* Autoliv ponders use of cash pile
* Swedish company leader in car safety equipment
* Europe market soft, America, China better
By Helena Soderpalm and Niklas Pollard
STOCKHOLM, March 26 (Reuters) - Autoliv, the world’s biggest maker of car safety equipment, is on the look out for acquisitions in new high-tech areas, enticed by strong growth prospects for products that can help cars to avoid accidents.
Chief Executive Jan Carlson said Autoliv was keen to expand into this new technology that includes sensors and radar but that there were few companies willing to sell.
“This is a growth area and many see opportunities and growth and therefore they don’t sell,” he said in an interview. “There are always discussions back and forth, but there is nothing obvious.”
So-called “active” car safety technology as opposed to “passive” seatbelts and airbags is widely considered to be the future in this business.
Various new products being developed mainly by small specialist companies can help to prevent accidents. It is a priority for car makers such as Autoliv’s domestic customer Volvo Car Corp.
“We’re looking a lot at the sensor field. But we’re also looking at electronic stability control and chassis systems,” said Carlson, referring to technology that allows a car to independently avoid a collision.
The company has money to spend, with net cash of $361 million at the year-end. But analysts have raised the question of whether some of this could be handed back to shareholders.
“So far, the board has prioritised raising the dividend and building a strong balance sheet so we can make acquisitions when they come,” Carlson said.
The company has 3.2 million shares remaining of a share buyback mandate that it has not used since September 2008 when the financial crisis made keeping a strong balance sheet key.
Autoliv has been able to weather the downturn in Europe since then because of the global spread of its business.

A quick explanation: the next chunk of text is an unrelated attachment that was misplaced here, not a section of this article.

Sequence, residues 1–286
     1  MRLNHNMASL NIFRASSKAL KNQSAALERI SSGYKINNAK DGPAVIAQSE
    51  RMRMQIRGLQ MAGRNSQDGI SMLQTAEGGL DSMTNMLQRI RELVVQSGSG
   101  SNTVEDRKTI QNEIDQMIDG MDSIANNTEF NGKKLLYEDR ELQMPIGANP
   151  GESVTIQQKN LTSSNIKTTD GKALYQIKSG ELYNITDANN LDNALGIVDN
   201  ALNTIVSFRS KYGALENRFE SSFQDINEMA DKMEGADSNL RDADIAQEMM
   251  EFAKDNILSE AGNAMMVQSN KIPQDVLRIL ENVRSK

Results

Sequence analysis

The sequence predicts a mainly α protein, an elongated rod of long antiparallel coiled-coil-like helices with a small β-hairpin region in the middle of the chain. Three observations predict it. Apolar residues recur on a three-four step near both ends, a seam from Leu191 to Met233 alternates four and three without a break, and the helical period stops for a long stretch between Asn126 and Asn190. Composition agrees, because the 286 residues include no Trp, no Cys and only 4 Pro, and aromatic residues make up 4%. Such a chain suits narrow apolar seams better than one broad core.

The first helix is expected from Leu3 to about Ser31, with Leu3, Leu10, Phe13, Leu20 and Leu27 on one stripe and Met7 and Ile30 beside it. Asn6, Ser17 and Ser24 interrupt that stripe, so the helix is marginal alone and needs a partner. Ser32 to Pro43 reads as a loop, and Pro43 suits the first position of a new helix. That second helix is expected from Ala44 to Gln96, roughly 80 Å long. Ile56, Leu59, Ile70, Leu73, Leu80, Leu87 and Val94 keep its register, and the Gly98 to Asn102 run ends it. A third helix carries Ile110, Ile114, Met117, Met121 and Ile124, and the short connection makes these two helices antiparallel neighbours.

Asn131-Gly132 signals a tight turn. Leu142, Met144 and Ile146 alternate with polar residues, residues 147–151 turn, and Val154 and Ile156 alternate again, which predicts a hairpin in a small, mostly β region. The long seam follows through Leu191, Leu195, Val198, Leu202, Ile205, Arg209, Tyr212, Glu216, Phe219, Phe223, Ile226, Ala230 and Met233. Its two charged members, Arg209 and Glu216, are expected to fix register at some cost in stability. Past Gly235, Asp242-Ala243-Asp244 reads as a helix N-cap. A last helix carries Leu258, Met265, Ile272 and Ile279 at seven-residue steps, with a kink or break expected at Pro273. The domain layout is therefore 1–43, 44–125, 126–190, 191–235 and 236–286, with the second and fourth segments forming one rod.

But the firm has felt the impact of a steep drop in car sales in Europe due to a squeeze on consumer spending that has led to big losses for the car industry.
In January, Autoliv said sales in the first quarter of 2013 were likely to fall four percent due to weakness in Europe.
Autoliv generates nearly 30 percent of its sales in Europe, where the impact of the euro zone debt crisis has exposed the overcapacity in the region’s auto industry.
“There are few positive signs in terms of coming to grips with the situation (industry overcapacity),” Carlson said. “I respect that it is difficult, but if the demand is not there that doesn’t help. You have got to handle the problem anyway.”
He said the North American and Chinese markets remained healthier than those in Europe.
“That means one part of the world is suffering a big fall while another is seeing a pretty big rise,” Carlson said. “It is a matter of pressing the accelerator and the brake at the same time.”
Carlson said Autoliv was sticking to its financial guidance which estimates a four percent fall in sales and an operating margin of about 8 percent in the first quarter. For the full year, the company expects sales growth of 2-4 percent at a margin of about 9 percent.